The collateral management services to be offered by local entities, such as the local CSD, can be white labelled or offered as a Euroclear Bank service to their clients. Settlement of collateral movements occurs locally between local CSD accounts, and local CSDs retain full ownership of their contracts and relationships with their members. The service can also be extended to help local market participants manage their collateral needs for central counterparty margin management. And, the range of transactions are almost limitless, including repos, derivatives, securities loans, central bank monetary policy operations, access to central bank liquidity and more.

The international capital market community has been seeking ways to ease access to China and promote best practices within this fast-changing market. For example, SWIFT and the Asian Securities Industry & Financial Markets Association (ASIFMA) have organised and led various working groups to tackle issues relating to reference rates, the distinction of trade versus non-trade settlement, the differences between onshore and offshore transactions, and the possible need for a new currency code (CNH) for offshore CNY, among others.

There are also some exciting developments happening on a pan-Asian dimension. A task force comprising Asian central banks, CSDs and Euroclear Bank are looking to create a post-trade infrastructure for the clearing and settlement of Asian bond transactions. A pilot platform is being conceived for launch in the first months of 2012. The Hong Kong Monetary Authority, Bank Negara Malaysia and Euroclear Bank will streamline cross-border settlement of Asian bond trades, build a common securities database, manage relevant corporate actions, facilitate the primary issuance of new securities and perform the necessary collateral management functions to ease cross-border flows. The beauty of this common approach is that it tackles local market issues and needs using existing infrastructure, thereby limiting up-front investments and providing a quick time-to-market timeframe. Moreover, it enables each country to develop its local bond market at its own pace, offers issuers the opportunity to reach investors in multiple markets through a single platform and provides the foundation for future initiatives to harmonise market rules and practices across markets.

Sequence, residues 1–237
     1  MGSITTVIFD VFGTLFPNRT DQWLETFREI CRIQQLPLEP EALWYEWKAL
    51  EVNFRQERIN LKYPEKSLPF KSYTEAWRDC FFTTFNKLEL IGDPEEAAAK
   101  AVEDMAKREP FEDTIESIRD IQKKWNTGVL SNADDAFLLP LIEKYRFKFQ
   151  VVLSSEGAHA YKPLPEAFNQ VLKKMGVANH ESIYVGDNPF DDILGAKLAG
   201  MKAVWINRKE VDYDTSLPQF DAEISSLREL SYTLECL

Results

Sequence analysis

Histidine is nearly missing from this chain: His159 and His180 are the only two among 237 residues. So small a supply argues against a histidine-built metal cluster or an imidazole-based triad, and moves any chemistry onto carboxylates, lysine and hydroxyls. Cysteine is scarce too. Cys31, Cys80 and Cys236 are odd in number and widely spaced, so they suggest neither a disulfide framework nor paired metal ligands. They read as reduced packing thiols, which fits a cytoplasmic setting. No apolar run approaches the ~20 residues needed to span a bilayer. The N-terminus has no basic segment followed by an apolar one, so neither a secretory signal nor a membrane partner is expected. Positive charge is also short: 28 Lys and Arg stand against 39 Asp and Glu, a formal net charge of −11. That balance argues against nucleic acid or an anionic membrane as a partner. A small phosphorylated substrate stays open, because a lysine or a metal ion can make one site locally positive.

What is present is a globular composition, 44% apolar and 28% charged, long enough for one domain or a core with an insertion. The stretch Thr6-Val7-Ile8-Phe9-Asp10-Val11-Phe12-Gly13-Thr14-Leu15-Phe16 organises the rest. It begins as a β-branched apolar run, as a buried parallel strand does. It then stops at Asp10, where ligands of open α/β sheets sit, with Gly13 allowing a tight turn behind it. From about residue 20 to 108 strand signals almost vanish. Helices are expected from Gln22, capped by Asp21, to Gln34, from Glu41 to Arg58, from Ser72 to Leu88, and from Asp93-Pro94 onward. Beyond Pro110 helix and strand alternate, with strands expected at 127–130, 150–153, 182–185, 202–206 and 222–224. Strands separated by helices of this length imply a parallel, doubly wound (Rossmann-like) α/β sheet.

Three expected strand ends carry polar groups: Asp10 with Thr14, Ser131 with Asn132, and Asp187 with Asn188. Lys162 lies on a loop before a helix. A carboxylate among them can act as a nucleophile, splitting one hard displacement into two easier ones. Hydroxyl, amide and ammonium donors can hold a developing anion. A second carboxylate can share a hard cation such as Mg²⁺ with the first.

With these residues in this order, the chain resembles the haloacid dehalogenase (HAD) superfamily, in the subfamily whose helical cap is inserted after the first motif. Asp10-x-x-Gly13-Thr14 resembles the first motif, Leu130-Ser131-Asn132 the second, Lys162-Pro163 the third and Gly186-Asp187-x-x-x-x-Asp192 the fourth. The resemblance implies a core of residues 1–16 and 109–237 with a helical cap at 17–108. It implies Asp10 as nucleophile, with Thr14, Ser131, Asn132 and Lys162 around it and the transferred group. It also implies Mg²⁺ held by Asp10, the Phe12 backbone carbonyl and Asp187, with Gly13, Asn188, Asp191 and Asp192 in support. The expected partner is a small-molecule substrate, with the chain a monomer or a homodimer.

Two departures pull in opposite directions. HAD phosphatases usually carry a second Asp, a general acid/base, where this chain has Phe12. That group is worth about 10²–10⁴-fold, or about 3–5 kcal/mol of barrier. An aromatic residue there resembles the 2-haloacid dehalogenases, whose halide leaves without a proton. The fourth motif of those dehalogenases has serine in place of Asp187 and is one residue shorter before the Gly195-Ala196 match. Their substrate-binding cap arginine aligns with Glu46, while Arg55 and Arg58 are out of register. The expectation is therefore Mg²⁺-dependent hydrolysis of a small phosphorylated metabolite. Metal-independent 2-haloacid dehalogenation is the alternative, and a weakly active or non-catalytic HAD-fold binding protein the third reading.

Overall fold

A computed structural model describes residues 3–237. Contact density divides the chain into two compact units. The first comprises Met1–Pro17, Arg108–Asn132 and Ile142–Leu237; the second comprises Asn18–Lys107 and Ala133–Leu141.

We look forward to welcoming other Asian infrastructures to connect to this common platform and to consider the appropriate involvement of other business partners, such as SWIFT and global custodians.

The world's capital markets have their sights on the APAC region. While Asia is not immune to the turmoil storming through the US and Europe, the growth prospects of many Asian and South American markets are expected to outperform the western world.

The success of the offshore RMB market is clear and is evidenced by the confidence investors have shown in the stability and promise that the region can offer. The infrastructure service providers have an important role to play in furthering progress while keeping a very watchful eye on managing the risks associated with more global market participation in the region.

Olivier Grimonpont, General Manager and Asia-Pacific Regional Head, Euroclear Bank

The views expressed in this column are the author's own and do not necessarily reflect this publication's view, and this article is not edited by Asian Banking & Finance. The author was not remunerated for this article.

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Olivier Grimonpont

Olivier Grimonpont

Olivier Grimonpont is the General Manager and Regional Head - Asia-Pacific at Euroclear Bank. He has extensive financial experiences, having successfully taken positions as mid-office treasury manager, fixed income trader, COO of an investment bank's branch in Russia, product manager and currently exercising a general managment role for the APAC region.